Art. 2 (2) - Extension of material scope beyond EU law

The draft legislation also covers breaches that are subject to criminal penalties and fines under German law. The latter, however, only insofar as the violated regulation serves to protect life, body or health or the rights of workers or their representative bodies. In addition, breaches of national law in specific legal areas such as environmental protection, food safety or consumer protection are also included.

Art. 4 (1) - Extension of personal scope (protected person)

The personal scope of application matches that of the directive. Covered are all persons who, in connection with their professional, official or self-employed activities or in the run-up to professional activities, have obtained information about breaches and report or disclose them to the designated reporting bodies. Not only employees are protected, but also civil servants, self-employed persons, shareholders and employees of suppliers. In addition, persons who are the subject of a report or disclosure and other persons affected by a report or disclosure are protected.

Art. 6 (2) - Acceptance of anonymous reports

When it comes to competent authorities regarding external reporting, anonymous reports should be investigated both by internal and external reporting offices. However, there is no obligation to do so under the draft law. Legal entities in both the private and public sector are only required to investigate anonymous reports if they have sufficient resources to consider the anonymous reports in addition to reports from named persons. The draft also contains no obligation for legal entities or competent.

Art. 7 (2) - Encouraging internal reporting

Whistleblowers are free to choose between internal and external reporting channels. Internal reporting is not encouraged by the draft law.

Art. 8 (7) - Obligation for legal entities in the private sector with less than 50 workers

There is no such obligation. In principle, the obligation to set up internal reporting channels extends to all legal entities with at least 50 workers. Exceptionally, certain legal entities with fewer than 50 workers must establish internal reporting channels. This exception corresponds to the regulation in Art. 8 (4) of Directive (EU) 2019/1937.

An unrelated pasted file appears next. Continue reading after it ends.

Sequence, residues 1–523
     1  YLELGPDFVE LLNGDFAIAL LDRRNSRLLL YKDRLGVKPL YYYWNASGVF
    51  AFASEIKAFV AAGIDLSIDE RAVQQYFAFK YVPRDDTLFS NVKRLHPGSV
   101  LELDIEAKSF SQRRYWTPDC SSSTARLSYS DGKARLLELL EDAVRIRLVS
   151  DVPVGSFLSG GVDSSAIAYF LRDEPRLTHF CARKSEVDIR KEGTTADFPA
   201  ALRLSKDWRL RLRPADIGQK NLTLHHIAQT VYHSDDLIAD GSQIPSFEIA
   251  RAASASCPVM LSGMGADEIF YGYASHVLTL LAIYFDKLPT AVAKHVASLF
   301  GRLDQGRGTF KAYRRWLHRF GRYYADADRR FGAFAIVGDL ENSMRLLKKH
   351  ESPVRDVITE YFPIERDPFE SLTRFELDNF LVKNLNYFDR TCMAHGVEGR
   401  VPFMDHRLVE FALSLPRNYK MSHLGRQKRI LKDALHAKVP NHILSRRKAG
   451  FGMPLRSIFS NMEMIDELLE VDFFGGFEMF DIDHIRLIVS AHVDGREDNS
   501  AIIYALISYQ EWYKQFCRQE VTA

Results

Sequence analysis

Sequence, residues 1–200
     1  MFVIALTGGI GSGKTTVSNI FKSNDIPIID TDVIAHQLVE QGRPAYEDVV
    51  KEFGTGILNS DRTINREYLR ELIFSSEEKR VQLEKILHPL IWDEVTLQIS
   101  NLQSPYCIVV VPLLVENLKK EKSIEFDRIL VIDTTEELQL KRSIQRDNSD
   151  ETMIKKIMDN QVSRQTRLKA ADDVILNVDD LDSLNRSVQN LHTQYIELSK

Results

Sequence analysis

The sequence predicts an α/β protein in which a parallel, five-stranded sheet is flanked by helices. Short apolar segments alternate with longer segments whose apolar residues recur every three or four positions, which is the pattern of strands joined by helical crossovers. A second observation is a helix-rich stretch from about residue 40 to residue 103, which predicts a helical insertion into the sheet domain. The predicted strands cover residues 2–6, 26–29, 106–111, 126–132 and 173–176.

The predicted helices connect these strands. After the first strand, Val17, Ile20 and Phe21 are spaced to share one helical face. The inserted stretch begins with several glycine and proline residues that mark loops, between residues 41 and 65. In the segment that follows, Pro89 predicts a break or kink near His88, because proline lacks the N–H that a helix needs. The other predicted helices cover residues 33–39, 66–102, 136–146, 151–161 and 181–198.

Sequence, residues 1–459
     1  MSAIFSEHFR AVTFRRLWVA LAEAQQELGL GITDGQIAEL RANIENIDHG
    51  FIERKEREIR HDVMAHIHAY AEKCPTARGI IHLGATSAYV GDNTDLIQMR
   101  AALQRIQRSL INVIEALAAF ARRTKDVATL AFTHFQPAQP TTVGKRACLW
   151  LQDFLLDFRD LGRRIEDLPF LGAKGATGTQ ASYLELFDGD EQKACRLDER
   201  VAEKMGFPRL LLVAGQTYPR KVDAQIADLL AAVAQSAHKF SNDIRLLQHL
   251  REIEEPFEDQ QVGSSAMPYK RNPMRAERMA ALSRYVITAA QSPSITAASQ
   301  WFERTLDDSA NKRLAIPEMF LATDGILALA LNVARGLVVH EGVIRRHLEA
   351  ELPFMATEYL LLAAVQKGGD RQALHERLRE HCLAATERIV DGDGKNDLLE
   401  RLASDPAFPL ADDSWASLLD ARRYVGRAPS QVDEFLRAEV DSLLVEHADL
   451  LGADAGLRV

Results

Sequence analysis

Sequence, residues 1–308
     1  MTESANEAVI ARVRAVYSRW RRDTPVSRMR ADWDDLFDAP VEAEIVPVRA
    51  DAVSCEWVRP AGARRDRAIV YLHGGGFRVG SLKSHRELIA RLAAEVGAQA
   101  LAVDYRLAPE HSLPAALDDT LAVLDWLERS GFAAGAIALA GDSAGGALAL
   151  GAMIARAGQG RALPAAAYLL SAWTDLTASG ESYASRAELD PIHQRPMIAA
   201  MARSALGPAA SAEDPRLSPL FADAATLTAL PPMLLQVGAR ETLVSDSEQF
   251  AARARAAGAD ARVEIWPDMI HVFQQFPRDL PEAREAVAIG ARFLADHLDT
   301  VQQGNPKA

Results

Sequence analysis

Art. 8 (9) second subparagraph - Exemption for municipalities with fewer than 10.000 inhabitants / fewer than 50 workers / other entities with fewer than 50 workers

For municipalities and associations of municipalities, the obligation to set up internal reporting channels is governed by the respective state law, as the Federal Government of Germany is prohibited from directly transferring tasks to municipalities and associations of municipalities. In implementation of subparagraph 2 of Article 8 (9) of the Directive (EU) 2019/1937, the respective state law may  stipulate that municipalities and associations of municipalities with fewer than 10,000 inhabitants are exempt from the obligation to set up internal reporting channels.

Art. 8 (9) Third subparagraph - Shared internal reporting channels for municipalities

For municipalities, for which the obligation to set up internal reporting channels is governed by the respective state law, the respective state law may stipulate that municipalities and associations of municipalities may jointly operate internal reporting channels in implementation of subparagraph 3 of Article 8 (9) of the Directive (EU) 2019/1937.

Art. 11 (1) - Authorities competent to receive external reports